Understanding the Two Sides of Bitcoin
Bitcoin was one of the hottest topics in finance last week due to the court ruling in Florida on its legitimacy as a currency, as well as the massive Bitcoin fraud that resulted in $60 million being stolen. The recent developments may have a huge impact on the world of finance going forward. At this point you may still be wondering, as many others are, “What exactly is Bitcoin?”
Bitcoin is actually a form of digital currency. Bitcoins are not printed; the system is run as a peer-to-peer network with no central bank. Basically, it is like a separate economy run by the users. The main benefit of bitcoin is decentralization. No single financial institution controls the network and users can send each other currency without ever having to go through any bank or clearinghouse. The result is fees that are much lower, being able to use Bitcoins in every country, your account cannot ever be frozen, and there are no prerequisites or arbitrary limits. There are several currency exchanges where you can buy Bitcoins for dollars, Euros, etc. Bitcoins are kept in a digital wallet via computer or mobile device. Bitcoin’s network is secured by individuals called “Miners.” These individuals verify transactions which are then posted on a public ledger for the purpose of transparency. Bitcoin’s biggest draw is the minimization of transaction fees and it costs users nothing to accept Bitcoins received from anyone else.
All this sounds great, so why all the recent controversy?
The court case in Miami saw a man put on trial for allegedly laundering money via Bitcoin transaction. The judge’s final decision was that Bitcoin was not the equivalent of true currency. The transaction was considered to be the selling of property directly to another rather than laundering money through an intermediary—which is all the law in Florida currently accounts for. The Judge went so far as to state that the court was not a place of expertise on economics and suggested lawmakers should more clearly define the issue. “The Florida Legislature may choose to adopt statutes regulating virtual currency in the future,” the judge wrote. “At this time, however, attempting to fit the sale of bitcoin into a statutory scheme regulating money services businesses is like fitting square peg in a round hole.” The result of this ruling will likely be a precedent used in many cases to come and an exposure of the fact that U.S. finance law is behind the times when it comes to cryptocurrency.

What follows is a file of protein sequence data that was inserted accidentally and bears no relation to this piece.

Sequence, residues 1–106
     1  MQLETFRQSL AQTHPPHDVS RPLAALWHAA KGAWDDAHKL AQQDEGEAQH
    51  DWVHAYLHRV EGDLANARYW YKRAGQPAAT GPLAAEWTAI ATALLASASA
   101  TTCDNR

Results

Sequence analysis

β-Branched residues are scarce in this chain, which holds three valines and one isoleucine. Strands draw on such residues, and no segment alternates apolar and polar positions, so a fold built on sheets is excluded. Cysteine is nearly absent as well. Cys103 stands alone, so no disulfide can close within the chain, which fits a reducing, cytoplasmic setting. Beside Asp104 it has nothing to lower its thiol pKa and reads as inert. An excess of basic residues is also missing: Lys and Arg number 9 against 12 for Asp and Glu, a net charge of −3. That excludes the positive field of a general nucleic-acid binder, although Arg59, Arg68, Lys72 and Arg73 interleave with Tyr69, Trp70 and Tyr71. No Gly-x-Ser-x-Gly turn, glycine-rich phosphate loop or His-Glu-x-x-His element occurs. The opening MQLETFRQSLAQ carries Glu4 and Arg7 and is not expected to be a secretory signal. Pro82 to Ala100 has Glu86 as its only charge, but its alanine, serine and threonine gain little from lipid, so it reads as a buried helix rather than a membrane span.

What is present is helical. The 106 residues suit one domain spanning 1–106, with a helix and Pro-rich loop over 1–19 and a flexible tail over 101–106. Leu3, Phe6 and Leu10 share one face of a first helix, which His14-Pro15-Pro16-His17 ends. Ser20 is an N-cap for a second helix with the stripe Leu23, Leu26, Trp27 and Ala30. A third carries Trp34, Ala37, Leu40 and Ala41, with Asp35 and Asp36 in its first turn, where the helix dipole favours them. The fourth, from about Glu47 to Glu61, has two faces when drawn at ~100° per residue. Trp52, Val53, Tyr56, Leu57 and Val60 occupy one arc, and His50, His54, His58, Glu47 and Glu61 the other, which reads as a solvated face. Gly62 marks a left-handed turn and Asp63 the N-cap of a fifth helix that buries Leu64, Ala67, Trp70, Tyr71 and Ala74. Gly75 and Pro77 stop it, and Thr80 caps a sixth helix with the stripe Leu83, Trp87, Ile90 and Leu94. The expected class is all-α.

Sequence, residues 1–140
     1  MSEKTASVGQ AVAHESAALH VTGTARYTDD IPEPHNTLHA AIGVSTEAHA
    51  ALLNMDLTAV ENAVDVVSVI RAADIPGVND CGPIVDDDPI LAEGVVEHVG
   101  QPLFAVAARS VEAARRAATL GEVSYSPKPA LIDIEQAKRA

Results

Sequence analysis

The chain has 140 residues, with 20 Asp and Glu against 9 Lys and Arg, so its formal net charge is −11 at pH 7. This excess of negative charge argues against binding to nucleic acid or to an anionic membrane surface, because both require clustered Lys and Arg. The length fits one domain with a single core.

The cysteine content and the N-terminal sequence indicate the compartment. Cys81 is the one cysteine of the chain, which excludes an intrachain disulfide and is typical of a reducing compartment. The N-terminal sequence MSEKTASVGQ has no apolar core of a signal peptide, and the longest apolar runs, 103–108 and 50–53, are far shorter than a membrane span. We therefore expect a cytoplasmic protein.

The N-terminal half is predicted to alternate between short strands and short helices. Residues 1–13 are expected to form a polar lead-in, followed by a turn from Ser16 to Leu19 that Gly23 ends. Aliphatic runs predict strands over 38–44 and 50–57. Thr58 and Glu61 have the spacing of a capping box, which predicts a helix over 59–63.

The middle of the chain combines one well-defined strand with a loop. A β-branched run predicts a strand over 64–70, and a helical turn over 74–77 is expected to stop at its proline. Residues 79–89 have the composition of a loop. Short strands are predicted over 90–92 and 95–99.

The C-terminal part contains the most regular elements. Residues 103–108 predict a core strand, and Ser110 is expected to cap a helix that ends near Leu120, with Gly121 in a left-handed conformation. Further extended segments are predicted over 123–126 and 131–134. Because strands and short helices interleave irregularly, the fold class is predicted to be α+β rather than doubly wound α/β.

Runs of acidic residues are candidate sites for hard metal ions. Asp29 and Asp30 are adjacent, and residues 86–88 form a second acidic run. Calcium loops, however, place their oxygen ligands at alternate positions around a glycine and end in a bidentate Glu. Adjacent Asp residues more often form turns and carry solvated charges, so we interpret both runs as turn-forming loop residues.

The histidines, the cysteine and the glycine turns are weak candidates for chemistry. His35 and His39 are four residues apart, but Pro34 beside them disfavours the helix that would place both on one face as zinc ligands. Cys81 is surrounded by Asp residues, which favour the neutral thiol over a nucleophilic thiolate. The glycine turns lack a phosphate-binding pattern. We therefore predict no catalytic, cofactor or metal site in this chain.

After being considered an illegitimate currency in a U.S. court, Bitcoin’s bad stretch continued by with a hack that created a historic 36% shared loss for users. Bitfinex, the largest and most advanced cryptocurrencies exchange company was taken for 120,000 BTC (Approx. $60 million). The result? The price of Bitcoin immediately crashed and the largest Bitcoin exchange company was forced to suspend trading. Unfortunately, Bitfinex was not the only victim. The hacker was able to override the company’s security keys and gain access to hundreds of customers’ digital wallets. The attack was well-planned and skillfully executed. Funds were instantly sent to thousands of addresses and Bitfinex, along with all their customers, could do nothing but watch. Despite the massive lost, Bitfinex has stated that trading will continue as they look for a way to compensate all their customers for their losses.
This is the dark side of Bitcoin. The currency is not insured by the FDIC or any other regulatory commission. With the ever imminent threat of hacking and cyber-terrorism in today’s increasingly digital world, your “money” is never guaranteed to be safe. There have even been cases where fraudulent companies posing as cryptocurrency exchanges have simply taken clients’ Bitcoins and fled. As to the transparency of the public ledger mentioned earlier, there is also a catch. Though each bitcoin transaction is recorded in a public log, names of buyers and sellers are never revealed – only their wallet IDs. While that keeps bitcoin users’ transactions private, it also lets them buy or sell anything without easily tracing it back to them. That’s why it has become the currency of choice for people online buying drugs or other illicit activities.
Though the deregulation and decentralization of Bitcoin definitely has its upsides, it also has its pitfalls. As of now, this type of “currency” is not guaranteed to be kept safe. Add to that fact that Bitcoin is still struggling to be viewed as legitimate currency in the courts and the result is great uncertainty going forward. We are still in the dark, early days of Bitcoin and it is too early to say whether we are looking at the future or just a blip on the radar.